Self-deception  

From The Art and Popular Culture Encyclopedia

Jump to: navigation, search

Related e

Google
Wikipedia
Wiktionary
Wiki Commons
Wikiquote
Wikisource
YouTube
Shop


Featured:
Train wreck at Montparnasse (October 22, 1895) by Studio Lévy and Sons.
Enlarge
Train wreck at Montparnasse (October 22, 1895) by Studio Lévy and Sons.

Self-deception is a process of denying or rationalizing away the relevance, significance, or importance of opposing evidence and logical argument.

It has been argued that humans are, without exception, highly susceptible to self-deception, as everyone has emotional attachments to beliefs, which in some cases may be irrational. Some evolutionary biologists, such as Robert Trivers, have even suggested that, because deception is such an important part of human behaviour (and animal behaviour generally), an instinct for self-deception can give a person a selective advantage: if someone can believe their own "lie" (i.e., their presentation that is biased toward their own self-interest), the theory goes, they will consequently be better able to persuade others of its "truth."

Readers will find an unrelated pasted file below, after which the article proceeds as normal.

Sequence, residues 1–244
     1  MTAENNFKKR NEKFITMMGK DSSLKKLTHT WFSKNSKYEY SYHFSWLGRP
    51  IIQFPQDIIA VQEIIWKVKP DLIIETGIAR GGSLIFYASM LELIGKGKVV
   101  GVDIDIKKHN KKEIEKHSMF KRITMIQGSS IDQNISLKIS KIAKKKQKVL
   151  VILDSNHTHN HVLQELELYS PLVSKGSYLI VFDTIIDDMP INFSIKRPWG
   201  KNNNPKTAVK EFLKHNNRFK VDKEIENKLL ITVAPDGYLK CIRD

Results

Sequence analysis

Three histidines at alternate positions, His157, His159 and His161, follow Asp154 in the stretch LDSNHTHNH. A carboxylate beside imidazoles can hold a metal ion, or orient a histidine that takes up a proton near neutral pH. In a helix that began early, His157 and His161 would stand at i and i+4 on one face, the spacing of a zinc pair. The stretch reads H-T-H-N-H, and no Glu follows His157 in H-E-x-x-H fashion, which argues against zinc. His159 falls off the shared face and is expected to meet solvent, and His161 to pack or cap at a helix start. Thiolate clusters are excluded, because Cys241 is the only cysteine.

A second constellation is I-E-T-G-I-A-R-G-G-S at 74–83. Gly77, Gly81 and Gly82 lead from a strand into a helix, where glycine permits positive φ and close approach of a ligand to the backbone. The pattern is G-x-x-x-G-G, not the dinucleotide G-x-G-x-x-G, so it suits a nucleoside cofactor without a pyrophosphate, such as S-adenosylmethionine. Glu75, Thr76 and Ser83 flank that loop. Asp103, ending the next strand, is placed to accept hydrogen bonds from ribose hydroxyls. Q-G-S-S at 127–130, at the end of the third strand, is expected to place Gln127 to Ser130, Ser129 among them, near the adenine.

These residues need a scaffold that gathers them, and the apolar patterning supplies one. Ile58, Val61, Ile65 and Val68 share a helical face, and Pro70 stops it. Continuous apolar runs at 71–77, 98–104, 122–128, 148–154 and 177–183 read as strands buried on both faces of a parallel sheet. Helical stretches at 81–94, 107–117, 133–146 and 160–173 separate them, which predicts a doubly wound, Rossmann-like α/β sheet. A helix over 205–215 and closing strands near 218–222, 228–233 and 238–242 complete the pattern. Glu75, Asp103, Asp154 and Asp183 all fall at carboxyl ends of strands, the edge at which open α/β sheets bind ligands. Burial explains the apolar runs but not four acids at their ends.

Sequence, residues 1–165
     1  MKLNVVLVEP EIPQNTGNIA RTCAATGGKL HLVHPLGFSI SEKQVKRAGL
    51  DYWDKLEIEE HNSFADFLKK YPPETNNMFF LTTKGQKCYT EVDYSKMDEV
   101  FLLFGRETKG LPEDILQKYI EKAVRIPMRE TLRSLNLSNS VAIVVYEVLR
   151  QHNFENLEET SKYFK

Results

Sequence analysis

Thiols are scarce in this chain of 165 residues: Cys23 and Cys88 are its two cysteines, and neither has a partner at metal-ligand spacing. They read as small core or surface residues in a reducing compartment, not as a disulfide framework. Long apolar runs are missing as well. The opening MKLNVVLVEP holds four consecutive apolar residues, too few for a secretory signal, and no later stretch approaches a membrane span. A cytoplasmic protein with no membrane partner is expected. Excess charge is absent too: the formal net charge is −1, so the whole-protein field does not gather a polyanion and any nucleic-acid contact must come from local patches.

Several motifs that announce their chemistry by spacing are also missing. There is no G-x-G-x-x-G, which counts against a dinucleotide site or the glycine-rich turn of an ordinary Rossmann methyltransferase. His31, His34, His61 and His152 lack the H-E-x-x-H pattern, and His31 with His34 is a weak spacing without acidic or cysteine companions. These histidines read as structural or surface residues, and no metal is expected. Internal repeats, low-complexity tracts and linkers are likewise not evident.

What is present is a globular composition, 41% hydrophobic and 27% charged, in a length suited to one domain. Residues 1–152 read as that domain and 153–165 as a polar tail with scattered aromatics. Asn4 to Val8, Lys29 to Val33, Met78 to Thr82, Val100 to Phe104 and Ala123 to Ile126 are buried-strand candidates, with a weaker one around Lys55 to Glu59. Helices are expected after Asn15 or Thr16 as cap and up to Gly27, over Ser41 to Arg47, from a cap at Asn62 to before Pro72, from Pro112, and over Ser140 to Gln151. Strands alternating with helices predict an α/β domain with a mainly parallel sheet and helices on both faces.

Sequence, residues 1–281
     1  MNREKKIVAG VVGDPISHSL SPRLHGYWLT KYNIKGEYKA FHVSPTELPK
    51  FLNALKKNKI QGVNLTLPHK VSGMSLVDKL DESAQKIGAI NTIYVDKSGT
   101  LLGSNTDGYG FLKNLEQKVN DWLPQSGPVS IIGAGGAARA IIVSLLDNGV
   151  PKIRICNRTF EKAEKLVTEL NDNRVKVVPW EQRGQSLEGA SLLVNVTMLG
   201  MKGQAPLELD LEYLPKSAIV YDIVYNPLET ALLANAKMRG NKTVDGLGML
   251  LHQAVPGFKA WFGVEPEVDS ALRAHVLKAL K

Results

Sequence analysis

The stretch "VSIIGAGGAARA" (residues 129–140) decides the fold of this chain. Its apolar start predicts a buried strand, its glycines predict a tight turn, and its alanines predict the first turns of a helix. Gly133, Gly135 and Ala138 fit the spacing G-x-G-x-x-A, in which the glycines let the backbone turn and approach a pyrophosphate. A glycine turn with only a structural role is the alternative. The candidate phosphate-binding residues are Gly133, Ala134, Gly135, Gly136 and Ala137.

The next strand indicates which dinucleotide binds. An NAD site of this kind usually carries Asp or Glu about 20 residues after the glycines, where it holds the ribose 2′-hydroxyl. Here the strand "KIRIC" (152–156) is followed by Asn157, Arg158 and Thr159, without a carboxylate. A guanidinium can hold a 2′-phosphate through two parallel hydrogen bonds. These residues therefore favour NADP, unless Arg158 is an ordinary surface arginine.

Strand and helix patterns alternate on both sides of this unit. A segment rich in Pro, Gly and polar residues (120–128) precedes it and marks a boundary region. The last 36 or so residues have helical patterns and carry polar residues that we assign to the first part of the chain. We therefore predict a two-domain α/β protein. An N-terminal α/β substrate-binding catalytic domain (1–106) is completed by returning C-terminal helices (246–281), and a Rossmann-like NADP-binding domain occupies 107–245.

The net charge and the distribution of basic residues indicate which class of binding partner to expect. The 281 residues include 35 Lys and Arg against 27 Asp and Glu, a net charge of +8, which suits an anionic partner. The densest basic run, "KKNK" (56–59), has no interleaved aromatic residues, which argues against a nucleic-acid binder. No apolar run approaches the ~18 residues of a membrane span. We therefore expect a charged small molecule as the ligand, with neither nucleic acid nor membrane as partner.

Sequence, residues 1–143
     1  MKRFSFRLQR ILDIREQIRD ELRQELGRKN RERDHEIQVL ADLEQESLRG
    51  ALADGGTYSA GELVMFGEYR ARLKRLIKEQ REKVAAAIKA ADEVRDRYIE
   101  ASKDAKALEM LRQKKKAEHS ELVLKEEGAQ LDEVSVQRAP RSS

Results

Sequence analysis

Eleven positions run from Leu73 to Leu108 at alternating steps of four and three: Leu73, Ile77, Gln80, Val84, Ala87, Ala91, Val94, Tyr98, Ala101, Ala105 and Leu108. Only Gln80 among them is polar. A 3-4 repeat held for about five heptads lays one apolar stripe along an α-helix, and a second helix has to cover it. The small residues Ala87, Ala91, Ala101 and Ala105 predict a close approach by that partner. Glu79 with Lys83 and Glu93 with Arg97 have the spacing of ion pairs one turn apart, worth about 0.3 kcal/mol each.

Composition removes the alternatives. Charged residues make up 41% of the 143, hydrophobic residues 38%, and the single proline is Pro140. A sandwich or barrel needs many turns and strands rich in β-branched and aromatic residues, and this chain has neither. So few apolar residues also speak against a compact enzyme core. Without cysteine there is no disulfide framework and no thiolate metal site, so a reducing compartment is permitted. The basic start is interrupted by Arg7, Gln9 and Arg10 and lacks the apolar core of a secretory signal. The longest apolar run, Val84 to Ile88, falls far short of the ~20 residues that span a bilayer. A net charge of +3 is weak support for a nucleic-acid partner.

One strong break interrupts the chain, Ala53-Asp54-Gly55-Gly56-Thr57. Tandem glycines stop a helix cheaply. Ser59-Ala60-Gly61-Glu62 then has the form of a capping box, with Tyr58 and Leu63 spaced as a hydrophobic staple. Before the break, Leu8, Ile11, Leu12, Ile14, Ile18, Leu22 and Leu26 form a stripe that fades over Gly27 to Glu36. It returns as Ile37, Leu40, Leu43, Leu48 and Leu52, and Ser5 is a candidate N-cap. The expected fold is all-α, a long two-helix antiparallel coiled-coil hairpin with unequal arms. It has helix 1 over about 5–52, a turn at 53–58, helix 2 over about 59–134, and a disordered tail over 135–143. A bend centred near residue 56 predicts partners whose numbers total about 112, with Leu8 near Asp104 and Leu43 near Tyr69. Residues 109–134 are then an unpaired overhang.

This notion is based on the following logic. In humans, awareness of the fact that one is acting deceptively often leads to tell-tale signs of deception. Therefore, if self-deception enables someone to believe their distortions, they will not present such signs of deception and will therefore appear to be telling the truth.

It may also be argued that the ability to deceive, or self-deceive, is not the selected trait but a by-product of a more primary trait that is selected. Abstract thinking allows many evolutionary advantages such as more flexible, adaptive behaviors and innovation. Since a lie is an abstraction, the mental process of creating a lie can only occur in animals with enough brain complexity to permit abstract thinking.

See also





Unless indicated otherwise, the text in this article is either based on Wikipedia article "Self-deception" or another language Wikipedia page thereof used under the terms of the GNU Free Documentation License; or on original research by Jahsonic and friends. See Art and Popular Culture's copyright notice.

Personal tools